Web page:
From the Department of Denial comes the millionth explanation—or so it seems—of why the surge in Iraq really truly honestly isn’t a success despite the astounding drops in violence over the past year. In this Washington Post oped, liberal activists John Podesta, Ray Takeyh, and Lawrence J. Korb never actually mention the massive reduction in killings. They write:
Yet even despite the loss of nearly 1,000 American lives and the expenditure of $150 billion, the surge has failed in its stated purpose: providing the Iraqi government with the breathing space to pass the 18 legislative benchmarks the Bush administration called vital to political reconciliation. To date it has passed only four. Moreover, as part of the surge, the administration has further undermined Iraq’s government by providing arms and money to Sunni insurgent groups even though they have not pledged loyalty to Baghdad.
Was it really the stated goal of the surge to meet all 18 legislative benchmarks within a year? President Bush has said that the surge was designed to facilitate political progress, and it has—witness the four benchmark pieces of legislation that were recently passed. There has also been a good deal of grassroots political progress that is not measured by the surge. But which supporter of the surge expected overnight implementation of the entire reconciliation agenda? No one, as far as I am aware—not even President Bush. If the authors of the op-ed have evidence to the contrary, I’d love to see it.
Their second statement—that “the administration has further undermined Iraq’s government by providing arms and money to Sunni insurgent groups even though they have not pledged loyalty to Baghdad”—is just as unfounded. For some reason the authors adopt the view of certain hard-line Shi’ite sectarians who claim that the Concerned Local Citizens, as the American military calls neighborhood watch groups, are in fact insurgents disloyal to the government. There is no doubt that some of them are former insurgents. But all of them have sworn their loyalty to the Iraqi state and have submitted biometric data that could be used to track them down should they cross the line.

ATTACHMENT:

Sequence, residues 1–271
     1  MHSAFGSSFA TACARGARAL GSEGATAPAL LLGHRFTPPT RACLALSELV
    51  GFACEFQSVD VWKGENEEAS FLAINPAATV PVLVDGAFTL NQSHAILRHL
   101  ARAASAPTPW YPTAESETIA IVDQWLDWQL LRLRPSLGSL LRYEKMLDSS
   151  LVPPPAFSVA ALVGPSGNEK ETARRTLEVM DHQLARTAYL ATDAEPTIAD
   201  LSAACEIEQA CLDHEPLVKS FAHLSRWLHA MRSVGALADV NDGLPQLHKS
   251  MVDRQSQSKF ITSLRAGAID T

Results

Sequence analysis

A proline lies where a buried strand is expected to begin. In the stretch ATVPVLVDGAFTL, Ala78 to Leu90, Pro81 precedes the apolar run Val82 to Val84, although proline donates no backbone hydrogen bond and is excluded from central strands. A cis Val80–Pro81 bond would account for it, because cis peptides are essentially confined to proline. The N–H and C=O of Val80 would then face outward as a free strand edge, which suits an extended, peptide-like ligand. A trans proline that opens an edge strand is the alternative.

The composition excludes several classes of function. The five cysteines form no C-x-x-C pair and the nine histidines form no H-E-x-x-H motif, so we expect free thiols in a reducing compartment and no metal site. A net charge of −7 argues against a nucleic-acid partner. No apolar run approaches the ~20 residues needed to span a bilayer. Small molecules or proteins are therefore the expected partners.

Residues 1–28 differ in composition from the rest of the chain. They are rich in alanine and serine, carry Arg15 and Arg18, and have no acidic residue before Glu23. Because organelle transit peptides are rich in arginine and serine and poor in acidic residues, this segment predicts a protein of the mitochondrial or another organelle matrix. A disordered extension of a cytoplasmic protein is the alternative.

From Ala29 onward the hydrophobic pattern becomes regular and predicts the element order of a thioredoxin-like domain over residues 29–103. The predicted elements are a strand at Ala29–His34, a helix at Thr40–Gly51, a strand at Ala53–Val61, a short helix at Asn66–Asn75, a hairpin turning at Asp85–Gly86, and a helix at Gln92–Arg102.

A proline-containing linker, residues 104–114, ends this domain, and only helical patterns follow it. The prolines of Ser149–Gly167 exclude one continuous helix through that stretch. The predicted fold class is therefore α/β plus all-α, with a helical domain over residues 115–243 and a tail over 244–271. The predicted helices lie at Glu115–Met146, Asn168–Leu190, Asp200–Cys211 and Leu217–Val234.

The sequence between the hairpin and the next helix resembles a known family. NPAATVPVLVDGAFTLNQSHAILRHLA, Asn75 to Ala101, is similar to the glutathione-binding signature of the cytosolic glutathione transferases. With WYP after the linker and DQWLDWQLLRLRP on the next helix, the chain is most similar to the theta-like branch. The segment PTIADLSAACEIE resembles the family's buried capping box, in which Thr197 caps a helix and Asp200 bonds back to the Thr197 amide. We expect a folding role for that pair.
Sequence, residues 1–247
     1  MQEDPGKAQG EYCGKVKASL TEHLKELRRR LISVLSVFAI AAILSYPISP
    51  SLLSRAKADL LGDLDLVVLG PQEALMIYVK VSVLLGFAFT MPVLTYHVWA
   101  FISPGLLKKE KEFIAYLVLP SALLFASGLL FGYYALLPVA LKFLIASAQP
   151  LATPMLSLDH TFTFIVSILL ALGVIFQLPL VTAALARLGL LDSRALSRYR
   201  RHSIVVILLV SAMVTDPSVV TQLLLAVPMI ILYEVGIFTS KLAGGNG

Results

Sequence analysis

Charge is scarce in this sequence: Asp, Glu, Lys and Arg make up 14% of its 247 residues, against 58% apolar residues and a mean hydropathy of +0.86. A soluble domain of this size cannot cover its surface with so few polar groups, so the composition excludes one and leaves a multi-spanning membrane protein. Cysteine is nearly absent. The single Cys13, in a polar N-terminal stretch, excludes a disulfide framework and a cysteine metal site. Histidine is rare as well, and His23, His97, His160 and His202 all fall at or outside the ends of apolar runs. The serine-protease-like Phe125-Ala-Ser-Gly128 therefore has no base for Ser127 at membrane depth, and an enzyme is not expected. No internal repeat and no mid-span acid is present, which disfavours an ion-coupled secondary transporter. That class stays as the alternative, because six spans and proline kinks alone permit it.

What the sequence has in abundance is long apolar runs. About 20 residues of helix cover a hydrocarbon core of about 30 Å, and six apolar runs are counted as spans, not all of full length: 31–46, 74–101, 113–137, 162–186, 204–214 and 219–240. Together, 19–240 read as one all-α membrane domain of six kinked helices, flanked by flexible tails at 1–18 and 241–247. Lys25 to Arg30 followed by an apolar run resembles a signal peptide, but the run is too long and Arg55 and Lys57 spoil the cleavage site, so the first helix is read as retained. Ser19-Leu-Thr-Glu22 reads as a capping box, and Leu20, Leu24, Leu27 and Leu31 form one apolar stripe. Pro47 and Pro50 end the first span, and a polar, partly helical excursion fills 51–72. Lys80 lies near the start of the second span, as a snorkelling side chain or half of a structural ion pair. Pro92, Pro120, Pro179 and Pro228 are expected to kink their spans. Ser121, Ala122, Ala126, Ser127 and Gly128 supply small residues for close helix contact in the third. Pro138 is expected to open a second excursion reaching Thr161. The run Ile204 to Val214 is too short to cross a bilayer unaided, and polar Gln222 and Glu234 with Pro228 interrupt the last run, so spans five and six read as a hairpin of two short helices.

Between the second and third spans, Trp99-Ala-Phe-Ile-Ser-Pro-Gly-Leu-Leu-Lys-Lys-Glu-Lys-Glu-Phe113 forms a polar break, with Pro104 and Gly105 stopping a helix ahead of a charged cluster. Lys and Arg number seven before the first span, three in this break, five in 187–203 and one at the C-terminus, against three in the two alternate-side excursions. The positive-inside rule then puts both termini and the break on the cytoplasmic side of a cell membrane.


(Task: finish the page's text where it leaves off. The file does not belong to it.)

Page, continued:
The very fact that some 80,000 Iraqis, primarily but not exclusively Sunnis, have joined the CLC’s, many after having fought Iraqi and coalition forces, is the best evidence of the real reconciliation happening on the ground. Far from undermining Iraq’s government, the CLC’s are bolstering it by chasing Al Qaeda and other terrorists out of their neighborhoods. Al Qaeda’s decline, in turn, has led to a fall in the fortunes of the Jaish al Mahdi, Moqtada al Sadr’s militia which had long postured as the defender of Shi’ites against Sunni predations.
The rest of the op-ed is simply an exercise in wishful thinking. The authors, who routinely berate the Bush administration for not having considered what could go wrong after the invasion of Iraq, pollyannishly dismiss any suggestions of what could go wrong after an American withdrawal. “The prevailing doomsday scenario suggests that an American departure would lead to genocide and mayhem,” they write. “But is that true? Iraq today belongs to Iraqis; it is an ancient civilization with its own norms and tendencies. It is entirely possible that in the absence of a cumbersome and clumsy American occupation, Iraqis will make their own bargains and compacts, heading off the genocide that many seem to anticipate.”
Sure it’s possible. But is it likely? Not if you look at recent history: in 2006 American troops withdrew from the streets of Iraq, consolidating in massive bases. The result wasn’t Iraqis making “their own bargains and compacts.” It was runaway violence, with the whole country perched on the brink of civil war. Only the surge—which involved a change of tactics as well as more troops—pulled Iraq back from the brink.
Apparently these Democratic stalwarts would be willing to have Iraq totally collapse as the price of bringing our troops home. But if that’s the case, they should at least be honest about what they’re advocating without trying to wish away the surge’s success or the likely consequences of American pullout. That’s precisely the sort of wishful thinking that caused us in severe problems in Iraq in the first place.